Friday 24 February 2017

Walk of the Week: Rock an Thorabh, Co Tipperary

Christopher Somerville

'So, what do you actually go walking for? What's the point of it?" Tricky question this, and one I'm often asked. Usually, I give a throwaway reply.

"Oh well, fresh air and exercise, keeps the old mind ticking over, better than sitting in a chair," that sort of thing.

But as my 100th 'Irish Independent' 'Walk of the Week' began to appear round the bend, I gave it some proper thought.

What is the point of going walking for pleasure?

What does that pleasure really consist of, if you break it down? To put it in a nutshell: what should a good walk have in order for it to ring my bell?

Here's the list I came up with, in no special order:

Gorgeous scenery

A bit of a challenge

Time to stand (or sit) and stare

The company of good friends

Stories, nonsense, craic and laughter

A route that gets you back where you started or...

... to a welcoming bar

... to where the craic continues

Where's the place to put all that together?

Why, the Glen of Aherlow, Tipperary's own slice of heaven, with my sister and cousins all gathered for a few days of walking and talking, quaffing and laughing in full view of the Galty Mountains, an east-west spread as inspiring to look at as any in Ireland.

What better spot for the centenary walk, and who better to lead us to glory than Michael Moroney, man of a thousand walks and a 1,001 tall tales?

"Believe only half of what you hear on this walk," said Michael, leading us off from Aherlow House Hotel, "because I haven't my pills taken." Good advice.

We heard a great deal as we tramped up through the woods, moonshine spun from nonsense on the one hand and fascinating snippets of history on the other: red squirrels and their eating habits; Folklore Commission; the Hanging Tree where men were executed for stealing potatoes; the ruined house; the poitín still.

"Oh God," spluttered cousin Dermot, pointing at cousin Vicky, "she once poured a whole bottle of vintage poitín into a plum crumble, thinking it was flavouring. Great crumble, though, I must admit."

On this walk through the woods I got to know my antipodean cousin Richard's daughter Jessie.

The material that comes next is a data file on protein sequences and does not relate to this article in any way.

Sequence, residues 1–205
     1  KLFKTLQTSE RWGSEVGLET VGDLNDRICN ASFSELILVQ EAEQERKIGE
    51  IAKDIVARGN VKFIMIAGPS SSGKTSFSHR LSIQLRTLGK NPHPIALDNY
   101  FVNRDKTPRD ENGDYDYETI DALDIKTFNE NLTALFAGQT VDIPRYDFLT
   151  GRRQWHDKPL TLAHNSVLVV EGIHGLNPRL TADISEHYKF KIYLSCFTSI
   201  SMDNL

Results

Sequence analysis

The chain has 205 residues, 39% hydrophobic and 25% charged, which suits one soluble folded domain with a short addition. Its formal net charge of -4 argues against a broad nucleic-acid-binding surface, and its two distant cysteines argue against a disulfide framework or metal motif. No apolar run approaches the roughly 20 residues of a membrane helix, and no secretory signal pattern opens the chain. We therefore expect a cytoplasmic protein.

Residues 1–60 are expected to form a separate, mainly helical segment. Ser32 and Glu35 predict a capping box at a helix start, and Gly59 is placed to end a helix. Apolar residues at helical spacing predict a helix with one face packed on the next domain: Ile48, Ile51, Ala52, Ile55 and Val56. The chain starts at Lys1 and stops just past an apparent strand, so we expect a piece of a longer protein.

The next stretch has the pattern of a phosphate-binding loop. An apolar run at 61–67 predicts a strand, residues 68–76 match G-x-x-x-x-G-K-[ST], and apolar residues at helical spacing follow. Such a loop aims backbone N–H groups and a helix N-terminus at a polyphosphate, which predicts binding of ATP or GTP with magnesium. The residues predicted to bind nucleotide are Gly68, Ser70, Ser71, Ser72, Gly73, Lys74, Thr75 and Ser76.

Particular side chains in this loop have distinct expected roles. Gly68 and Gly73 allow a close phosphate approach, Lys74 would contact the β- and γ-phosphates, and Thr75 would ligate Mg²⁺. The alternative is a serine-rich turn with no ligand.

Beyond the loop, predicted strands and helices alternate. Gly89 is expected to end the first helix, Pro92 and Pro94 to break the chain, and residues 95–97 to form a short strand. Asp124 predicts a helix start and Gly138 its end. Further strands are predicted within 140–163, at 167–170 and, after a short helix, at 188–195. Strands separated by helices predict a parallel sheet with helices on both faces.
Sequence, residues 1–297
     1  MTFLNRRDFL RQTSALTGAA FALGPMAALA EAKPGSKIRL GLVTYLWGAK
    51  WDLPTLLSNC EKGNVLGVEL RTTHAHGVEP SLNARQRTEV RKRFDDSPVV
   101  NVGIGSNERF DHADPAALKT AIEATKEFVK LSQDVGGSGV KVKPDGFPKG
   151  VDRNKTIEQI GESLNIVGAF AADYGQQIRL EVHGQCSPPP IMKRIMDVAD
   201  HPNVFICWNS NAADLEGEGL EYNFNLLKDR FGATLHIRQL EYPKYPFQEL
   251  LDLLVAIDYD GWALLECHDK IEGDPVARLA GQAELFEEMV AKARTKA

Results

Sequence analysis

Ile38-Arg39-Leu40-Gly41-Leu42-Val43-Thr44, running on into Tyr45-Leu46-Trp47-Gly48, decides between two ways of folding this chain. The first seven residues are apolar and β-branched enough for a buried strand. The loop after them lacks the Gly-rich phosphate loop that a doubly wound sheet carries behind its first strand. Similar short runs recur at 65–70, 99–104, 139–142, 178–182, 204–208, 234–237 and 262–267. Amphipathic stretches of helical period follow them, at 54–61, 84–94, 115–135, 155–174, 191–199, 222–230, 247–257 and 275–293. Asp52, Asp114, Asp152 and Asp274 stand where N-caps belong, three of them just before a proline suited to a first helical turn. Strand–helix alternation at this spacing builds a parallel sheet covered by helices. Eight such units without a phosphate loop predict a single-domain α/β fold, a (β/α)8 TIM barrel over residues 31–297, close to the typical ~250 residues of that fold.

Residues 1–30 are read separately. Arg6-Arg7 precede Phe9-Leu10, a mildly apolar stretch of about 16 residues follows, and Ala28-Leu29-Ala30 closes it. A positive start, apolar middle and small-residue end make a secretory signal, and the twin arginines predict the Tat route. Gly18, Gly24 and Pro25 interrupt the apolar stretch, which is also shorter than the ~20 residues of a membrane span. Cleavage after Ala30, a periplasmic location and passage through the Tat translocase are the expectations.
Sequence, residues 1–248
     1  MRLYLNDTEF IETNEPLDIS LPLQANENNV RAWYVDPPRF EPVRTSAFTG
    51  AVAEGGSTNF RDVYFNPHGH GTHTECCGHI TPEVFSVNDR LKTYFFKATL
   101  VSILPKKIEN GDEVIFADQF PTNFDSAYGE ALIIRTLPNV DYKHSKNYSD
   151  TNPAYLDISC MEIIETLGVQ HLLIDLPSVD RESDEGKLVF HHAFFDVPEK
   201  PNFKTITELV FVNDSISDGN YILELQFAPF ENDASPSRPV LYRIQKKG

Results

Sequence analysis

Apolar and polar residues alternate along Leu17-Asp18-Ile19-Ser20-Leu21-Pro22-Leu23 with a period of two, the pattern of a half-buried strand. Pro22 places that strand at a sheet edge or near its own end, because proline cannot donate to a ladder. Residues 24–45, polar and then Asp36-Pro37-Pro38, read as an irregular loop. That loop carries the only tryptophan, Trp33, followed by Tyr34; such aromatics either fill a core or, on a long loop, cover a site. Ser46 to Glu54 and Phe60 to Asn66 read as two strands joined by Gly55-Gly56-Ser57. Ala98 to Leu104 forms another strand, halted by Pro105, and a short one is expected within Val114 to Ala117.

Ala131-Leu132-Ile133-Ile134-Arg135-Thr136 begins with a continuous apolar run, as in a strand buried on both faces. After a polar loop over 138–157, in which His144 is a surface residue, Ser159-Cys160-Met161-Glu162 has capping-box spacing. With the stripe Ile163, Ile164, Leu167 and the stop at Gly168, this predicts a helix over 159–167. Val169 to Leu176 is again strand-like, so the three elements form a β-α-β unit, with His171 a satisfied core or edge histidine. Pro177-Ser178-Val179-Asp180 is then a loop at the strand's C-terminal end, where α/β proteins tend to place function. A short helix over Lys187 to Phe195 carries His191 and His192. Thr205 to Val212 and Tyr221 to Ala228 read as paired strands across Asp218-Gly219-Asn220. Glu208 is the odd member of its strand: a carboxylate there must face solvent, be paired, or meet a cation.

What was cousin Jessie studying at Canberra? "Chaucer." What on earth job would that fit her for?

We decided on plumbing. "At least," hazarded Jessie, "I'll be able to write you a poem about what's wrong with your pipes."

The scurrilous little rhyme that she then came up with can't be committed to print, but it was bloody funny.

At the statue of Christ the King we stood silent in admiration of the Galtees rising as pale and beautiful as pre-Raphaelite hills across the misty Glen of Aherlow.

Michael sang us a morsel of 'Sweet Aherlow', with the mountains as a backdrop to validate every word of the song.

Michael's better half, Joan, told a tale of how he'd climbed Galtymore, the peak of the range, by moonlight and phoned his brother down in the vale, two-and-a-half thousand feet below, to tell him he'd forgotten to switch off the lights.

Mighty craic, and mighty was the view from Rock an Thorabh, Bull Rock, up on the ridge above Christ the King, a giant prospect north over Tipperary town and the dairy-rich Golden Vale.

We heard of Diarmuid and Gráinne the passionate runaways, of the jealousy of Fionn Ma Cumhaill and the hatchet hurled to split Bull Rock in two.

There indeed was the split in the mighty boulder who would doubt the tale?

Back down at Aherlow House once more, sitting on the terrace in the sun with cups of tea in front of us and a pint of Guinness in prospect, I looked round the laughing, wind-freshened faces.

If ever a justification for walking was needed, here it was in all its breadth and depth. A walk fit to cap the first 100 -- and to kick-start the second.

csomerville@independent.ie

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